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Content spinners

Posted by Michael Bloch in web marketing (Wednesday March 14, 2007 )

I came across a sales page for a software product the other day that practically guaranteed it would make me rich beyond my wildest dreams; with minimum effort and using content I already had. Sounded good to me. Rich, minimum effort, yep, certainly appeals to most of us I guess.

The software product was a content spinner. If you haven’t hit these applications before, here’s how they basically work.

You take an article and highlight key words, adjectives, nouns etc. You turn those into placeholder fields. Then you let the content spinner, which is hooked into a thesaurus, work its magic on your article. Synonyms for the highlighted words are inserted.

Rinse and repeat and voila, you have basically a stack of new articles from the original article!

So why would you want to do this? Well, you can then register a heap of new domains; put a stack of these spun articles on each one and get around search engine duplicate content filters according to the authors. You can also submit different versions of the same article to article directories; boosting the number of “more powerful” backlinks to your site from this “original” content.

Hey, you don’t even have to worry about using your own content – why not steal someone elses and then have the content spinner “rewrite” it for you? After all, it’s now original right? I saw that suggested also.

You can then make a millions out of AdSense etc. when people land on these pages.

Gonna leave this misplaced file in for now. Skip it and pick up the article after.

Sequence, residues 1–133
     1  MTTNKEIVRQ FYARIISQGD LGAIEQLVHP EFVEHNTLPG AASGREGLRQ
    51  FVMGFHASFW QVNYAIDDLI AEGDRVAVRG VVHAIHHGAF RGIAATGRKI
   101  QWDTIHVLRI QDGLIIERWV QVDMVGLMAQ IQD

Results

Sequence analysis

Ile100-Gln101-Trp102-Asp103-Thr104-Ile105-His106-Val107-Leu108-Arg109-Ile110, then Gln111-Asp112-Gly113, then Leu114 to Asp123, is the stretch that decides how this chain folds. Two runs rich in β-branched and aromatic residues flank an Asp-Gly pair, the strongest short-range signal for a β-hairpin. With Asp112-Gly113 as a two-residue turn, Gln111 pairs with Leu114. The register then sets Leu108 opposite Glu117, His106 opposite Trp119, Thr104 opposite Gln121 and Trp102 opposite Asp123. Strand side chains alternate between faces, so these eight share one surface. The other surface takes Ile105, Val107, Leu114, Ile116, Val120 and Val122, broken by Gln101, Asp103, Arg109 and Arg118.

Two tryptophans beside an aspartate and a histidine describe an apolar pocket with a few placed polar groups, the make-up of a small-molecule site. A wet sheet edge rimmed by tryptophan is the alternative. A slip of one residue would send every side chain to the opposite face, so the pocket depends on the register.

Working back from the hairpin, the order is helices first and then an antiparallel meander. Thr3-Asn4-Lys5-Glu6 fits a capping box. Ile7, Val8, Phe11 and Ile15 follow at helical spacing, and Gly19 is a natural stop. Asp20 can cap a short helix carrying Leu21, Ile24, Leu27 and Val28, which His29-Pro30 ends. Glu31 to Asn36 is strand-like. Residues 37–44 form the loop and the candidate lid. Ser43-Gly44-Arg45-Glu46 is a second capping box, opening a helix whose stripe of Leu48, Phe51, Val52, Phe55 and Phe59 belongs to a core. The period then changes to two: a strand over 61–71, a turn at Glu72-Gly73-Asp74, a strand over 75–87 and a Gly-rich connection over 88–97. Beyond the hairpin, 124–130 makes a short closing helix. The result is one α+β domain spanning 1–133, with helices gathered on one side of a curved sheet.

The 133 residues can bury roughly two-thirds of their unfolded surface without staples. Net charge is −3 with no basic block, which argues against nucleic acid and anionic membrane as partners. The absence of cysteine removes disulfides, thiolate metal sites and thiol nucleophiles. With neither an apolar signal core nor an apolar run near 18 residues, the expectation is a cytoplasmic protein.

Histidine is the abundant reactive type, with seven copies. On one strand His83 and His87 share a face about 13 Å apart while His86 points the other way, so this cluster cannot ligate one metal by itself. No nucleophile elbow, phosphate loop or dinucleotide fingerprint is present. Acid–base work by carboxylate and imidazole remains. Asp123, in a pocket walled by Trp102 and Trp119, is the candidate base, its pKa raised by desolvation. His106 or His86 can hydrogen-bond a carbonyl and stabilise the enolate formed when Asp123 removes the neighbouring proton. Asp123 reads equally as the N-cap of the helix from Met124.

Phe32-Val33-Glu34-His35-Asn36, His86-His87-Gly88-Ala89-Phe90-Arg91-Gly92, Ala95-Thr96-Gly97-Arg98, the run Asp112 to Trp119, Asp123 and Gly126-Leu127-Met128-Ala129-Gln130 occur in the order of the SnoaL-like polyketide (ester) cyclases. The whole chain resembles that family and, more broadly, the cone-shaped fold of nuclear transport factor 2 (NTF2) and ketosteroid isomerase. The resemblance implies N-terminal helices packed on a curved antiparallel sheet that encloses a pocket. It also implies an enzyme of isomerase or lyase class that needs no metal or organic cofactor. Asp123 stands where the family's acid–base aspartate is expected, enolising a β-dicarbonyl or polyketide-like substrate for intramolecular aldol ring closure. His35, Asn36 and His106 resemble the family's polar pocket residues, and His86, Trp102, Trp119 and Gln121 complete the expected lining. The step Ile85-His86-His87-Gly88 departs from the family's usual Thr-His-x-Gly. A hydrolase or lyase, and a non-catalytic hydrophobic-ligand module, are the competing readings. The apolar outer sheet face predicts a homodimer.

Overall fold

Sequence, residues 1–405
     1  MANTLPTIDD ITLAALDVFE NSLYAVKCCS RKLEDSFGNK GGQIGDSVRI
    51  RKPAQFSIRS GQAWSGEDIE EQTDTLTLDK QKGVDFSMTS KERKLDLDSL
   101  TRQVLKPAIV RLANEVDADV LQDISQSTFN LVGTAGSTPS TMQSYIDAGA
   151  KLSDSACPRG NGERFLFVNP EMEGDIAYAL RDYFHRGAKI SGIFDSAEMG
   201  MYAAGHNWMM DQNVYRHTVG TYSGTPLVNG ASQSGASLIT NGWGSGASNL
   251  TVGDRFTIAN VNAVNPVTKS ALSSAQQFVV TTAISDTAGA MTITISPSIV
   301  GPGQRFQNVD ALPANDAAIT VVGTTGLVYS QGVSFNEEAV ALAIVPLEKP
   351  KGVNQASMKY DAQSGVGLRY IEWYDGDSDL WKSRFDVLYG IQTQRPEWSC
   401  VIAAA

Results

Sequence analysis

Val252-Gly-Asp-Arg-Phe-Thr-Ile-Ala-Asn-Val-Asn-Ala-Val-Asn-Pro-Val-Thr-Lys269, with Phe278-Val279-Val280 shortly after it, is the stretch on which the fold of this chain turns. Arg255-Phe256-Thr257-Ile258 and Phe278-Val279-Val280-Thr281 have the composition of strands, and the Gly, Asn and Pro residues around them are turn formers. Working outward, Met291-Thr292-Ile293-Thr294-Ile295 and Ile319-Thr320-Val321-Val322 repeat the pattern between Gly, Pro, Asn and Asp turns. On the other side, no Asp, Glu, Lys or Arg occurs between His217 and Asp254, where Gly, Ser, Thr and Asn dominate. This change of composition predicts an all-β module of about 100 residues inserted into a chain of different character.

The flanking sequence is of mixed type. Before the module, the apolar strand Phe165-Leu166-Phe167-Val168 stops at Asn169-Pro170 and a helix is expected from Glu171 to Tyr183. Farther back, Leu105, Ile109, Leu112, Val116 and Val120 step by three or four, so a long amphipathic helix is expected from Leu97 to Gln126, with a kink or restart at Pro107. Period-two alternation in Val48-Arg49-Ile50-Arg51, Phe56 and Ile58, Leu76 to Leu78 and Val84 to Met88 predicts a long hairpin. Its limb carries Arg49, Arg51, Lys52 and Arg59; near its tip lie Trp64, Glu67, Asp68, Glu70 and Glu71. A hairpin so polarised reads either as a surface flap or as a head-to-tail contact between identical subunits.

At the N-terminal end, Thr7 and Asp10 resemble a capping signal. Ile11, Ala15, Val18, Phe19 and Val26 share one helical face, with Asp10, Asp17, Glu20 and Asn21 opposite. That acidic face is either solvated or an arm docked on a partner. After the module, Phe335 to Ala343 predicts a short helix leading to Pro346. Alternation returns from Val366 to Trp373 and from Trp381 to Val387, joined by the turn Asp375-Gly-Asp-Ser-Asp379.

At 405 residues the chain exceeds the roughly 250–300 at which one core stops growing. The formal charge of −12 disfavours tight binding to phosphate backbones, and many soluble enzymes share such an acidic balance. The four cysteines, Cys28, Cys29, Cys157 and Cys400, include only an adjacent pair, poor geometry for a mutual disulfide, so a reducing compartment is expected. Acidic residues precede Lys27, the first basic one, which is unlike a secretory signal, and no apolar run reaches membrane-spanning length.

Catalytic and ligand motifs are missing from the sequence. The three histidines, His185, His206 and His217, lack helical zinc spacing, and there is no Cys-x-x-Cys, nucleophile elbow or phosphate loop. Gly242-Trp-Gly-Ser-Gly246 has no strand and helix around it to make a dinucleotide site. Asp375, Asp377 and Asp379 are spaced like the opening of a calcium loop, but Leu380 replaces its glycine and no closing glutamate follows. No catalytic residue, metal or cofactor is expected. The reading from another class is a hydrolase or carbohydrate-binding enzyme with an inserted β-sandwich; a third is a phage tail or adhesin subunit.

Actually, ads are probably going to be the only way you’d make money from these content spinner generated pages because the examples I saw basically turned good articles into gibberish. Visitors will run screaming from your site and perhaps a relevant ad on the page may be the ticket they use to get the heck out of there.

When used to create umpteen versions of an article, these content spinners generate total and utter crud and unless you are using a stack of placeholders, I can see Google still being able to pick up on the fact it’s duplicate content after a time anyway – and consequently ban the site.

So folks, don’t try this at home unless you have domains to burn and the word “ethics” is something you’re not comfortable with :).

Something else to bear in mind; usually when these super secret “killer” tools such as content spinners are so openly available on the market for a very cheap price, it means that the strategy has been totally and utterly milked already and the search engines are onto it.

The guys who have generated the big bucks through these sort of strategies have already moved onto something else. They are just squeezing the last bit out of the strategy by selling the software to you :).


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